I intend to dissertate on the CWG itself. Until recently, India's inexplicable romance with the business world,politics and cricket provided the masses with, generically, the only three potent avenues of altercations, in most cases, and discussions, in not so great numbers,over coffee tables, corporate lunches, family dinners, etc. at large. The much brouhaha surrounding the CWG Managing Committee and the games itself was, I thought, dissuasive enough to pull the masses away from the stadia but to my bewilderment and ecstasy, it was not to be. And I wish to adduce the humongous attendance at various arenas, stadia to accentuate the popularity of the games, in general and their flag-bearers (the players!), in particular. I see the CWG in the light of resurgence of games like Hockey, Wrestling, Boxing and the inception of public interest in games like Gymnastics. BUT, there are a large number of questions glooming around us yet to be answered.
Why is it that we follow and talk about certain games only "partially" (I am an optimist!)while some others rank much above in our priority lists. I don't think anybody who watched yesterday's Hockey match between India and Pakistan found it any less adrenaline pumping than any Indo-Pak cricket encounter( I say this with no disrespect or offence to cricketers or cricket lovers; I too belong to the tribe). The entire stadium was behind India (just for your information, the match was SOLD OUT) and what a match it was! I don't wish to digress from the central issue here.My friend told me about the plight of games like Gymnasium. Now that Ashish Kumar has won a bronze and a silver in Gymnasium, people's attention has been drawn to some extent. The Indian Gymnastics coach was complaining the other day that the Indian team is not being sent only to various international championships across the globe, then, how do we expect them to win? But, the big question is, who expects from them, in the first place. Issues like this ought to be addressed and discussed about, in public.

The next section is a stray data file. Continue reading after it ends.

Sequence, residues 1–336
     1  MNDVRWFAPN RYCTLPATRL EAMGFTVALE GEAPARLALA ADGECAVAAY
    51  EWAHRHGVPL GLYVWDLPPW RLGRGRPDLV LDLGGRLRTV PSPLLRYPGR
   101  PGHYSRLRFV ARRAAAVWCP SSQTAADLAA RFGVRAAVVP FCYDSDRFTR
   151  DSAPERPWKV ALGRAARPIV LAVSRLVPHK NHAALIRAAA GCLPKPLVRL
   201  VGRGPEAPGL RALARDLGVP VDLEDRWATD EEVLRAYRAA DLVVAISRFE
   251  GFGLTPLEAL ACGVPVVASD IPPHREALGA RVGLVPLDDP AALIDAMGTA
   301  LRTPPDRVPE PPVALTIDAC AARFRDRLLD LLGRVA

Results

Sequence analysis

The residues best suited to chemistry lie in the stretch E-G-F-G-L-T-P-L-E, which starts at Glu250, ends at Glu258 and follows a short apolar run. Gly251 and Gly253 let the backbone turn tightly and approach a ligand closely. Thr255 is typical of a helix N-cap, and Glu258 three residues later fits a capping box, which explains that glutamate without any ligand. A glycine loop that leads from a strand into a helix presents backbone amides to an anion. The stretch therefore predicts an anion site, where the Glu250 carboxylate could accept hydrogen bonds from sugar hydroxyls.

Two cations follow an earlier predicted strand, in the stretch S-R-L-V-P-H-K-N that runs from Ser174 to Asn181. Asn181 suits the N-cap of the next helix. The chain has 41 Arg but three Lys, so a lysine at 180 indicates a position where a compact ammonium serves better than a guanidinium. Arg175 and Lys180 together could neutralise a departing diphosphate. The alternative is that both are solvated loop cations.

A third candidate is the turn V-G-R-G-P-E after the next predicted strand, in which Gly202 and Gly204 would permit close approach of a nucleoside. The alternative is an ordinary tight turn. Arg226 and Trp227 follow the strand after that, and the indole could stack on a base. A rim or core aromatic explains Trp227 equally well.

One thing that's disappointed me has been the absolute absence of film-stars (demigods, rather). Now is the time they should come up and pull the crowd towards the games. Now is the time they should put their star power to use. Now is the time they should talk in public about the games, in general, participate in discussions, bolster youngsters to tale games other than cricket seriously. Except for Rahul Bose (who I saw appearing for an interview with some news channel on the state of Gymnasium in India, just because he himself has been a Gymnastics enthusiast), I couldn't see anyone else supporting the cause. Marketing can work wonders for anything and everything in this world and where do we need it the most? We need it the most to popularize different games in India where, unfortunately, its power is yet to be harnessed.
In an era of perfect "noise", I hope fellow bloggers discourse formally on this issue, I hope an epiphany of sorts strikes us all so we appreciate the existence and significance of games other than cricket, I hope our demigods come out in open and use their power to support the cause, I hope the euphoria surrounding the games doesn't phase out giving way to an ever-present gloom, I hope the central and the state governments pay heed to games and players, respect them, reward them (on merit) and help them lead a dignified life,
"Hope is a good thing. Infact the best of things, and no good thing ever dies." ['Red' in 'The Shawshank Redemption']